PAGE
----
This is unsurprising. The north directly fuels majority of the begging in Nigeria. Sharia Law and the Almajirai system is also directly responsible for the sheer volume of beggars in the country. That and the general unproductivity of the north. Northern states must give up this Sharia Law business. Not only is Nigeria a secular country, it has done nothing but create unproductive individuals that undermine our work force. In addition, if Northern governors stopped stealing all their state's money and actually provided an education other than Islamic education and amenities for their denizens then MAYBE we would get somewhere.

I know it sounds like I hate/hate on the North but honestly, it's annoying. At least the South is attempting to pull its weight and be productive. Sure, corruption is a national problem, but the North is ten times more corrupt than the South, PLUS the North does ABSOLUTELY NOTHING for its denizens. The South at least tries. The lack of education and the RESISTANCE to education in the North is dragging Nigeria back and is parasitically benefiting from the hard work and productivity of the South.

It's a huge shame that there are 10 million child beggars in Nigeria, but let's look at the facts:

Majority of them are from the North

The North churns out child beggars due to Poverty, Amputations, and Almajirai/Islamic education (that leaves the children unequipped for any other kind of useful work).

Are we surprised? F*ck no.

Azazel said...

Hmm I can understand 5 million children being beggars..
But 10 million children seems a little bit farfetched..
Need to check the quality of research done on this one. Especially 10 million children beggars in the northern part only?

Beauty said...

"It is very alarming that parents are becoming so insensitive to the welfare of their children that they dispatch them to unknown places to take care of themselves" by Nigeria's Minister of State for Education, Aishatu Jibrin Dukku is the ignorant and clueless statement on the social side of a failed system. At least she has stopped blaming the military dictators, she should just flog the idiot. Never mind the impairment. A crippled school system is a NEXT editorial worth reading and of course, without the foul language of the educated.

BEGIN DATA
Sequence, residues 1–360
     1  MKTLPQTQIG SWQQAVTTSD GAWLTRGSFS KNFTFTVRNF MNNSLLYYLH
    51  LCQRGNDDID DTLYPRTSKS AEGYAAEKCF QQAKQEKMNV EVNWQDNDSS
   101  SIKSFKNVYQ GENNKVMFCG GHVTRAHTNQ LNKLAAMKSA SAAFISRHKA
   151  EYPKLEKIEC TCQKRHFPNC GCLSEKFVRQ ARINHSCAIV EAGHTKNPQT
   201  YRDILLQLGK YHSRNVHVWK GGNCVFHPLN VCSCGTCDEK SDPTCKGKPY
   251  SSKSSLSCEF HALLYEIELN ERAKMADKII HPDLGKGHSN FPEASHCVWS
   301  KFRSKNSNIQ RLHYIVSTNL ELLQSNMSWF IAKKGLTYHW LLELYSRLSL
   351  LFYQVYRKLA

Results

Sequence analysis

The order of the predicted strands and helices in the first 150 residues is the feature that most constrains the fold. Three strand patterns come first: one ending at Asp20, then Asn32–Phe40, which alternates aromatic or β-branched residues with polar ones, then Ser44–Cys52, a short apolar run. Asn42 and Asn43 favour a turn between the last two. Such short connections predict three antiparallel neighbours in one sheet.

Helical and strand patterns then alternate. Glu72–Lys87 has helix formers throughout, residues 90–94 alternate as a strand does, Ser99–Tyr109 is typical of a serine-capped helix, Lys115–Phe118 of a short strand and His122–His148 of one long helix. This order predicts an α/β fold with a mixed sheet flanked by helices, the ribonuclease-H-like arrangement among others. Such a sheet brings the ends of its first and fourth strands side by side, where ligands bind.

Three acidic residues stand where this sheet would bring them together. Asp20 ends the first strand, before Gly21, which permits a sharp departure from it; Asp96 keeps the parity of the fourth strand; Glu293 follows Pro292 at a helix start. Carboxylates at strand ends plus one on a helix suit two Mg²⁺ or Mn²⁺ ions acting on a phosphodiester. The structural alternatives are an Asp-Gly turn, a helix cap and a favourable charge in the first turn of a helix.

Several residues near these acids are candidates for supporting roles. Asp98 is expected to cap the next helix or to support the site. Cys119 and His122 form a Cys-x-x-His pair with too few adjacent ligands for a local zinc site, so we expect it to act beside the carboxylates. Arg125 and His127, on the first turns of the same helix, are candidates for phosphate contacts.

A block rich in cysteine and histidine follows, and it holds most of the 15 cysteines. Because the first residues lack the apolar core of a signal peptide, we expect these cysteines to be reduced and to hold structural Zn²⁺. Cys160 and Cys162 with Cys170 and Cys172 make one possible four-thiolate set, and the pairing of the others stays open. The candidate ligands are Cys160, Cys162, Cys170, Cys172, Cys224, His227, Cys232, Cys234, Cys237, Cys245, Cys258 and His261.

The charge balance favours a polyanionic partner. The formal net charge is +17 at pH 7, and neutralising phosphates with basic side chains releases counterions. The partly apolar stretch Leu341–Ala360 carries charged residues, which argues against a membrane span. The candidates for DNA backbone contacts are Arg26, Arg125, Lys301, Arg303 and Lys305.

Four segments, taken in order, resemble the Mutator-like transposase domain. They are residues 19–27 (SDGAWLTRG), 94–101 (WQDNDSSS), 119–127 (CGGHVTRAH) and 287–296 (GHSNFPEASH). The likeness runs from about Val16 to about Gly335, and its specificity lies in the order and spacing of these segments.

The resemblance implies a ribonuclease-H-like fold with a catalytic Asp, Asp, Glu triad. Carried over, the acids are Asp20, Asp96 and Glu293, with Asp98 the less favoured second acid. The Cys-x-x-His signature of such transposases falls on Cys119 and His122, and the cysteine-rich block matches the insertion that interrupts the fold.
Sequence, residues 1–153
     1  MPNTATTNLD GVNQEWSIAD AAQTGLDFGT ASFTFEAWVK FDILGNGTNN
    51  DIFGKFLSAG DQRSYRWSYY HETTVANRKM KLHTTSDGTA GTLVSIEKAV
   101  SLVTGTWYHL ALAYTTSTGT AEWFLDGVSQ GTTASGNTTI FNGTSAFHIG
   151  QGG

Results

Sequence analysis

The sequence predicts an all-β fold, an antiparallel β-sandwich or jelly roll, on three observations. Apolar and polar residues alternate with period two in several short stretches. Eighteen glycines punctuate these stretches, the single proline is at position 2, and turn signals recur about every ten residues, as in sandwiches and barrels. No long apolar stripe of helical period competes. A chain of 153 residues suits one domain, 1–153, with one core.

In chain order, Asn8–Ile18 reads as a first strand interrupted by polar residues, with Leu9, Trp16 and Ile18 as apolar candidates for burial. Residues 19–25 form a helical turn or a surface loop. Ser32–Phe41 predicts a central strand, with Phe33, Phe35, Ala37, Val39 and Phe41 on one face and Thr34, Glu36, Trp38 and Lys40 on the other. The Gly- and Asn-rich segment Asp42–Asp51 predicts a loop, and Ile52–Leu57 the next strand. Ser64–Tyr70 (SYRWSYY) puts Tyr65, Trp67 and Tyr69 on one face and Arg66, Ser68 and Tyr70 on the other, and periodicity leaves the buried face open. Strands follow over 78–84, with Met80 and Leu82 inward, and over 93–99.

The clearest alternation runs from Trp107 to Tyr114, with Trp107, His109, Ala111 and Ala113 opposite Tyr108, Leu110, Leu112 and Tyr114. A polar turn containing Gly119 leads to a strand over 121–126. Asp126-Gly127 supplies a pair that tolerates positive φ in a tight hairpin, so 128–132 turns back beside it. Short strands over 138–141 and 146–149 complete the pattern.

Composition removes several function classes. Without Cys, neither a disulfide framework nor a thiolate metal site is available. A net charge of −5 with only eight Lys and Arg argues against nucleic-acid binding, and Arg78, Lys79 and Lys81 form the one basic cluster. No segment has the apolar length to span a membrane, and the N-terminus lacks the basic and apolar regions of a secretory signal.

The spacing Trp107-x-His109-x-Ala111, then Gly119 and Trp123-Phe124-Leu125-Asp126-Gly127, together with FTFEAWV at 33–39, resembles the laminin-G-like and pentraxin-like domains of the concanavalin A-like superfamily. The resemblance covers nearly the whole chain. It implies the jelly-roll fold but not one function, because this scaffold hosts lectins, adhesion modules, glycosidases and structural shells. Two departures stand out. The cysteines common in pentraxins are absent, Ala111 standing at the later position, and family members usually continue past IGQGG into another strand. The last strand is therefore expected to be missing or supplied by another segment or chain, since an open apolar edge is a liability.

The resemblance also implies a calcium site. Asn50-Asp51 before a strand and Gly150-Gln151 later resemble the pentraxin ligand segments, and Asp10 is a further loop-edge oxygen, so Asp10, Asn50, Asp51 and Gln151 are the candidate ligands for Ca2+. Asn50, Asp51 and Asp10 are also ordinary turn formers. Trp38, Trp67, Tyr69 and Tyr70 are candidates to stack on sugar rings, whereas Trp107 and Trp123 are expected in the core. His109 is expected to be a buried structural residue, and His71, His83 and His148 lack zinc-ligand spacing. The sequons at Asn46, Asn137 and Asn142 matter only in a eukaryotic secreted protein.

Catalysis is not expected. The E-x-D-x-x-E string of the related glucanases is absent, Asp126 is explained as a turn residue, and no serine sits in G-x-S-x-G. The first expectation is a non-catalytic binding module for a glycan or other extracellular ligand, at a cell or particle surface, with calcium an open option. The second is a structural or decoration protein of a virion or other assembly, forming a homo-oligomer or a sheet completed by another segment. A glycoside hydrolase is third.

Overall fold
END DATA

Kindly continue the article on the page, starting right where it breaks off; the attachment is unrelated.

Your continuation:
nneoma said...

thinking about this the other day. outside aid organizations tend to want to focus on women's education and employment for women - and rightly so. however, I found an article the other day that a high illiteracy/unemployment rate amongst men underlies unstable societies liable to the sorts of religious riots and unrest that we see in Nigeria. Well anyway, that is just an aside.

Unfortunately, I would have to agree with the others the the proliferation of child beggars, particularly in the North and nomads from outside Nigeria that immigrate to the South, is largely a cultural phenomenon. But like you said, even with increased "western" education, the question is, what next in terms of employment.

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Veracity said...

Wow!!! That many children beggers in Nigeria? No wonder there are always people ready to riot and a seemingly unlimitted supply of political thugs and robbers. Without government or non-governmental intervention, this nation of young beggers will surley grow up to be the bane of Nigeria. Think Somalia, even Afghanistan.

Don Thieme said...

Nigeria is not the only country with this problem. I suspect that it is more an economic than a religious one. Does sharia prescribe an "untouchable" status for illegitimate children in northern Nigeria?

Aiping Fulepp said...

Kids need and want to learn how to face up to problems and solve them rather than run away or hide from them.